Dialogues on Complexifying Care in ECE

Danielle Wittick is a Pedagogist with the Pedagogist Network of Ontario at NYAD Community Inc.

Gabrielle Monique Warren is a Pedagogist with the Pedagogist Network of Ontario and a doctoral student at the Ontario Institute for Studies in Education/University of Toronto.

Lisa Johnston is a Pedagogist with the Pedagogist Network of Ontario and a doctoral student at York University.

In her poem “My House,” Nikki Giovanni (1981) quips, “English isn’t a good language to express emotion through/Mostly I imagine/Because people try to speak English instead of trying to speak through it.” This conversation takes on the spirit of her words by taking up the concept of care in early childhood settings and challenging its underlying assumptions. In a time when we pedagogists are reckoning with a multiplicity of epistemologies and ontologies within educational spaces, how might we think about language in a way that both honours and brings us forward toward a more fulfilling future? How might futurity be derailed when there is an assumed unified definition of care? How do we materially see the variance of the care within ECE spaces? How might we interrogate the processes that create varying care definitions within those spaces? This piece emerged from conversations in our small group about the devaluation of care in early childhood education. What follows are excerpts from our discussions that wove together our varied contexts as we exchanged ideas and grappled with the concept of care.

In this conversation, we explore the concept of care within education and society as a pedagogical movement to interrogate how we take specific words and concepts for granted. We discuss the precarious nature of care under capitalism, the role of government in neglecting responsibilities, and the importance of redefining the title of early childhood educators. We also emphasize the interconnectedness of care and the need to move away from individualistic thinking. We introduce various authors and their perspectives on care, including Ruth Wilson Gilmore, Joan Tronto, Robyn Maynard, Leanne Simpson, bell hooks, and Maria Puig de la Bellacasa.

As pedagogists, we offer that it is vital to notice the interconnectedness of a child in space and place. The asymmetry in educational spaces and the exclusion of certain children based on their disabilities or immigrant status is also highlighted. We discuss how the harmful effects of universalism and the dominance of narratives rooted in white supremacist and capitalist logics must be resisted in favour of anti-capitalist and anti-colonial values of love, reciprocity, and mutual responsibility.

We end the conversation by discussing the intersection of pedagogy and care in education. We explore the need to move away from technical conceptions of care and instead engage with care that involves the heart, mind, and spirit. By questioning inherited narratives and embracing curiosity and openness in pedagogical gestures, we open a material space to reflect those we engage with.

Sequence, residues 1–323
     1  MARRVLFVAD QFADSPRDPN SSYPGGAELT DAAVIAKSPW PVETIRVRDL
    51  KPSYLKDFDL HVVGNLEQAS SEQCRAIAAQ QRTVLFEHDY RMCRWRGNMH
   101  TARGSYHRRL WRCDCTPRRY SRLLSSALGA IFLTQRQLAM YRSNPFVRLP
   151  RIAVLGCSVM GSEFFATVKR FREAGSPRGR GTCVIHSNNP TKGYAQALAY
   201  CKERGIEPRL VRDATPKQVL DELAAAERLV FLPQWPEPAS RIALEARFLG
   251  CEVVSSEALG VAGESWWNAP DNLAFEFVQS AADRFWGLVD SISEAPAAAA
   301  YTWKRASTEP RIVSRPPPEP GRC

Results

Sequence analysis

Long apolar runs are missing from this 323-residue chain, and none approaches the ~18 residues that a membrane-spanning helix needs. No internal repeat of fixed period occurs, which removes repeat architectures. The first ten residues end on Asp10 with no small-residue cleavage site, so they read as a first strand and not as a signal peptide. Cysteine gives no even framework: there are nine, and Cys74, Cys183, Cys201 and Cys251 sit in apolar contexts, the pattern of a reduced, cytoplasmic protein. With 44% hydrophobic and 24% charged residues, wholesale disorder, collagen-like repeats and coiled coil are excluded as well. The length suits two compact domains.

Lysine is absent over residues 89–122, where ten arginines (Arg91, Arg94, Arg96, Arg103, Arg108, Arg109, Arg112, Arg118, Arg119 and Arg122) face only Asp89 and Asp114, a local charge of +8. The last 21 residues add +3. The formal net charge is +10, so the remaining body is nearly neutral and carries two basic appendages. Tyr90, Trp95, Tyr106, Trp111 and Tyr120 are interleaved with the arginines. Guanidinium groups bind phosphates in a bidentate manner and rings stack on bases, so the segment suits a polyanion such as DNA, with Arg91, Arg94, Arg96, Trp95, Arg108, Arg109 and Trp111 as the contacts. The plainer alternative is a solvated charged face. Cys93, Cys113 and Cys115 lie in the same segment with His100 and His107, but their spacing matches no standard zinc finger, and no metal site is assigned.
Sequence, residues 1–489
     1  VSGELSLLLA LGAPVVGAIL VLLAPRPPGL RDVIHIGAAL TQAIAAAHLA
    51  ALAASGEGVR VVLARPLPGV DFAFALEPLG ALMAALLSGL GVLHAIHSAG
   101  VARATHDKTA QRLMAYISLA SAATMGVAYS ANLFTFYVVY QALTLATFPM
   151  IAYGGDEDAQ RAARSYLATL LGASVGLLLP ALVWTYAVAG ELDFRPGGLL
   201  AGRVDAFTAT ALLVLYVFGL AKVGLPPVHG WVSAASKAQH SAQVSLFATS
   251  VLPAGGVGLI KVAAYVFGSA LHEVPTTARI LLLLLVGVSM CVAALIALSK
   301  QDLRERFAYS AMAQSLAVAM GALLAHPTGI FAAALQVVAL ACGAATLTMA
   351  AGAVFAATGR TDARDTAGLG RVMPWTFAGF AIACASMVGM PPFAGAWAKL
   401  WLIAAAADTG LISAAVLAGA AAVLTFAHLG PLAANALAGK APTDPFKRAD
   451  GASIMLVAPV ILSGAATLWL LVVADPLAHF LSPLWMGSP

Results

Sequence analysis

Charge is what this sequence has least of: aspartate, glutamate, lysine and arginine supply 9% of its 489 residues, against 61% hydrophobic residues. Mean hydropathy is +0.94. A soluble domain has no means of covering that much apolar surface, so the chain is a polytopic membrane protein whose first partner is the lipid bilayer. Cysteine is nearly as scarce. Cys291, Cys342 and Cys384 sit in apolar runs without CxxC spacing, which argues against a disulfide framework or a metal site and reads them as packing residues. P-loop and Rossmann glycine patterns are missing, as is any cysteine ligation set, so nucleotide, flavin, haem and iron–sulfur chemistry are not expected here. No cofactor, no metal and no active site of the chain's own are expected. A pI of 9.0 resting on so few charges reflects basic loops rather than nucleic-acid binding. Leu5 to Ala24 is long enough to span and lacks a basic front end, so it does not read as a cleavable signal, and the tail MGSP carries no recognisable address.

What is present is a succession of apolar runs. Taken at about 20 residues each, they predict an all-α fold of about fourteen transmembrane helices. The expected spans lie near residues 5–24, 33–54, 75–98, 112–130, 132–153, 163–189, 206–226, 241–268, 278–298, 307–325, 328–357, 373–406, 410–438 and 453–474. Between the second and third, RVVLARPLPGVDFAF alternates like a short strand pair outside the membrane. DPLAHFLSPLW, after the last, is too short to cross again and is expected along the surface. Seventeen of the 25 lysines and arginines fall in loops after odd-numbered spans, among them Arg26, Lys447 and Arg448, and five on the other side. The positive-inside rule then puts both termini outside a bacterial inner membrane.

Danielle: To start with, why is it that we need education to validate this word of care? Why do we not see care as something of value on its own?

Gabrielle: From my work in the nonprofit space, I have witnessed the precarious nature of care under capitalism. I believe this concerns the precarious nature of nonprofits under capitalism. Ruth Wilson Gilmore (2022) speaks of the “shadow state” concept. She posits that this space, defined by the voluntary and nonprofit sector, gathers the abandoned pieces of society where the market fails to utilize extra-economic values like kindness, generosity, or for the sake of this conversation: care (Gilmore, 2022). Being cast to stand in the gap for what the state will not provide in terms of care, you are placed in the middle because you are not allowed to be a political actor or speak out against the state. However, the state does not necessarily need to give you resources to provide the gaps or help you provide the gaps you are filling within society. When you develop a community program, a volunteer program, an after-school program from the nonprofit, or the shadow state perspective, care can be complicated because the execution is very conditional on the state’s political will to fund various projects. In a post-pandemic era, Canadians are in need of more programming and food banks have skyrocketed in use; however, giving and volunteering is down (CBC, 2023; CTV, 2023). When I think of care, this is my standpoint. Care is not merely a personal action. It is a way of thinking about how various parts of our society work together to provide for the most vulnerable.